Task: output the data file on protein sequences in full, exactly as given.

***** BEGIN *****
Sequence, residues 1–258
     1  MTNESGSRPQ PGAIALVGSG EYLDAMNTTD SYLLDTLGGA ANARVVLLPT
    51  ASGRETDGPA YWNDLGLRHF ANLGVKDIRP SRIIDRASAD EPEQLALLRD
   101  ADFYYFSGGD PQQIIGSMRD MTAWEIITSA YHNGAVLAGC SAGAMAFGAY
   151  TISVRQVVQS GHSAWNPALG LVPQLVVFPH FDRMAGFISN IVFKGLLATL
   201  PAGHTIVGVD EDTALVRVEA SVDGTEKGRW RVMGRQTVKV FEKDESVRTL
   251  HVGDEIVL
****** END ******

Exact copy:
Sequence, residues 1–258
     1  MTNESGSRPQ PGAIALVGSG EYLDAMNTTD SYLLDTLGGA ANARVVLLPT
    51  ASGRETDGPA YWNDLGLRHF ANLGVKDIRP SRIIDRASAD EPEQLALLRD
   101  ADFYYFSGGD PQQIIGSMRD MTAWEIITSA YHNGAVLAGC SAGAMAFGAY
   151  TISVRQVVQS GHSAWNPALG LVPQLVVFPH FDRMAGFISN IVFKGLLATL
   201  PAGHTIVGVD EDTALVRVEA SVDGTEKGRW RVMGRQTVKV FEKDESVRTL
   251  HVGDEIVL